1. Get a 15 gallon pot with drainage holes and a saucer underneath
2. Choose a lemon variety that Does Well Indoors – Meyer or Pink Variegated
3. Buy a 2-3 year old Lemon Tree.
4. Buy Potting soil that is Acidic
5. Choose a spot that gets 8-12 hours of sunlight
6. Add Full Spectrum Grow Lights if needed
7. Take your lemon tree base out of it’s pot. Check that the roots aren’t growing around the rootbase in circles (i.e. rootbound). The rootbase is the original ball of roots and soil that form the base of the lemon tree you purchased. If the roots are rootbound gently massage them at the edges or use a sharp knife to cut them in 3-4 places on the edge so they can start growing out. They will eventually become rootbound to your larger pot which is what you want. A rootbound tree will grow to match the pot size. You want your new small tree to grow into your larger pot then stop growing.
8. Add potting soil to the pot. Fill the pot with enough soil so when you place the lemon tree into the pot the top of it’s rootbase is about 1-2 inches below the top of your 15 gallon pot.
9. Add potting soil around the rootbase inside the 15 gallon pot. Pack this soil down gently. Do not place soil on top of the lemon tree’s existing rootbase
10. Add a little water to start. Water the tree so that the soil is damp but not wet.
11. Water your tree weekly. Check the pH of your tap water. Add vinegar or baking soda as needed to get your tap water to a pH of 7. Tap water frequently has a pH of 8 as a protection against corrosion of pipes. Your lemon tree wants a lower pH and prefers acidic soils.
12. Fertilize your tree as needed. Don’t over-fertilize. Check for nutrient deficiencies first then fertilize accordingly.
13. Prune your tree only if needed. Over-pruning can lower your lemon yield. Prune dead, broken, or diseased leaves or branches but cutting them with sharp shears at the base of the main stem they connect to.
14. Maintain ideal temperatures and humidity. Lemon trees prefer temperatures of 70 -100 Degrees F. Keep them away from cold windows or sliding glass doors. Maintain at least a 50% humidity level. Use monitors to check for this and add a humidifier if needed. Checking humidity is more important in arid places like Colorado or in air conditioned houses.
15. Pollinate your tree by hand. When flowers bloom it’ll be up to you to pollinate all the flowers with a small paintbrush. Rub the brush against the entire inside of each flower so you contact both the male stamen and female anthers. Do this daily until the flowers begin to wither.
16. Thin lemons as they appear. Lemons will appear in clusters. Remove ⅔ of the lemons from each cluster. This will give the remaining lemons and chance to get even bigger.
17. Harvest your lemons when ripe. You can expect your first harvest at least 6 months and up to 9 months after hand pollinating. Test for ripeness by squeezing the lemons gently with your thumb. If they feel slightly soft they are ready to pick.
18. Cut lemons with sharp shears. Cut ripe lemons where the little lemon stem meets the main branch. Try not to damage the lemon skin or the main branch while cutting. Cutting cleanly helps prevent disease.
19. Store those lemons. Lemons will keep for 2-4 weeks while stored on the counter or 2-4 months while stored as whole lemons in the fridge. Eat cut lemons within 2-3 days and keep sliced lemons stored in the fridge. Fresh squeezed lemon juice can be frozen and stored for up to 6 months.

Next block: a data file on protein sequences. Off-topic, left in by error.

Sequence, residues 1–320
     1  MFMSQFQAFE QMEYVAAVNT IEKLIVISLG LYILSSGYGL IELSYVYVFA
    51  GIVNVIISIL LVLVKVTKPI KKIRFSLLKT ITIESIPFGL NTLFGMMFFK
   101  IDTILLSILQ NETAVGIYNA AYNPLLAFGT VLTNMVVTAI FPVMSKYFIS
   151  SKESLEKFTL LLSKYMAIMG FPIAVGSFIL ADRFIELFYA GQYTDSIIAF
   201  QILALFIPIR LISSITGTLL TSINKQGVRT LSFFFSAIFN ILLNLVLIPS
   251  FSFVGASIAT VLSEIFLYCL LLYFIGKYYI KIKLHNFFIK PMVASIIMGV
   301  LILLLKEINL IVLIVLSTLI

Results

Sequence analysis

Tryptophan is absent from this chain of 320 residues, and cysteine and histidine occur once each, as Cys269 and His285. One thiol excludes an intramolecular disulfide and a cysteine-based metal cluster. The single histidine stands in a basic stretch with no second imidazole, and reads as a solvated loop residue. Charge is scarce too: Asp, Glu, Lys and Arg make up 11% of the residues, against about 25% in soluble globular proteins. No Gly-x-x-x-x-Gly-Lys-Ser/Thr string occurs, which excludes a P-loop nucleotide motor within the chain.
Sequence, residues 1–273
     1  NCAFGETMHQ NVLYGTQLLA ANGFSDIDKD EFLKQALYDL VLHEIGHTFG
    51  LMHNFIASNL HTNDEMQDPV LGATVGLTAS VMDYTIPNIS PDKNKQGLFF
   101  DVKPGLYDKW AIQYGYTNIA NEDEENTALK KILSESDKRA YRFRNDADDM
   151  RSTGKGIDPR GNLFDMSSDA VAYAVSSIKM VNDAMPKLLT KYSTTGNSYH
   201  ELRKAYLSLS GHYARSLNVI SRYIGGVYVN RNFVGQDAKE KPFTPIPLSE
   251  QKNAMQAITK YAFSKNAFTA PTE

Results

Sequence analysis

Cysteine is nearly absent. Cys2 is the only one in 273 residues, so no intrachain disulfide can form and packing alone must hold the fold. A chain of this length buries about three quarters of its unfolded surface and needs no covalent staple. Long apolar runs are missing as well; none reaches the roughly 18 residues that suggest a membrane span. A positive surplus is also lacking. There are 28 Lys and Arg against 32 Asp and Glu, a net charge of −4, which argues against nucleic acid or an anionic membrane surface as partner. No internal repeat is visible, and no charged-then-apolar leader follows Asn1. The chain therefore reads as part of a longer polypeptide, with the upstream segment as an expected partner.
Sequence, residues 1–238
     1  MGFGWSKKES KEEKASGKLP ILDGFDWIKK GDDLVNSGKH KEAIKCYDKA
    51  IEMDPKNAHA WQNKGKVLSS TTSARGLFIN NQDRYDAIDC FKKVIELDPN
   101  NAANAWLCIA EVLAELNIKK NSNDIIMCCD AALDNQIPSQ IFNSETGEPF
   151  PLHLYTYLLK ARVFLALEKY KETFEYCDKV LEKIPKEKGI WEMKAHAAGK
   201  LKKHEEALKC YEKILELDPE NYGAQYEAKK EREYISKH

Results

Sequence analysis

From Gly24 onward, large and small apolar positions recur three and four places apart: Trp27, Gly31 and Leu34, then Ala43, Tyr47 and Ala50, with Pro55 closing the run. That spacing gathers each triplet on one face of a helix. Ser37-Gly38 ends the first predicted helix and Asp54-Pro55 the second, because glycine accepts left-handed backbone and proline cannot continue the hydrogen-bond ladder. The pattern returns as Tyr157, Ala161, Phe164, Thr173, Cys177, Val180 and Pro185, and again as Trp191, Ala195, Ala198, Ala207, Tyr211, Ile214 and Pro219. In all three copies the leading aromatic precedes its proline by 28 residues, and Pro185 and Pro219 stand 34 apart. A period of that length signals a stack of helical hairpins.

Can you grow citrus trees indoors?
Absolutely. Citrus trees do well indoors in controlled environments. Simply choose a variety that does well indoors and give adequate acidic potting mix, water, light, temperature, and humidity and they will do well. Indoor citrus trees require hand pollinating with a brush to grow fruit.
What are the best citrus trees to grow indoors?
Here’s a list of citrus trees that do well indoors: Meyer Lemon Trees, Pink Variegated Lemon Trees, Calmondin Orange Trees, Kaffir Lime Trees, and Trovita Orange Trees.
Most dwarf varieties of citrus trees will do well. Be sure to buy a health 2-3 year old tree from a trusted local nursery.
Local simply means has a physical store nearby with knowledgeable staff. Those nursery employees will be invaluable if any problems arise since they should know what grows best and how to deal with problems for your local area.
How long does it take to grow a lemon tree from a seed?
Lemon trees taken 3 years to start producing lemons after starting from a seed. It is unlikely that the lemons grown will be similar to the lemons you pulled the seeds from. Most fruit trees are grown from cuttings of successful tree varieties. Seeds form new tree varieties that may grow great fruit or may just be a lemon (pun intended).
If you want to grow lemons at home we recommended buying a dwarf lemon tree that is 2-3 years old and following the directions above. If you simply want to grow a tree then lemon seeds will be a fun way to do that.
Again follow the directions above on potting soils, water, light, pruning, and harvesting. If you start from seed you never know what you’ll get but you may make the next great lemon variety!
Full Spectrum Grow Lights for Citrus
Lemon trees require 8-12 hours of full direct light a day. If you have a large window you’ll be able to provide some of this lighting. We recommend supplementing any window light with T5 fluorescent bulbs with a mix of cool color (6500K) and warm color (3000K) bulbs.
Start with a 4 bulb lighting fixture that’s 2 feet long. That will give your citrus everything it needs to grow and to fruit. Plus you will have more control over temperature conditions. Citrus lives best at 70 – 85 Degrees Fahrenheit. Being placed too close to a cold window could slow your trees growth and lower your harvest.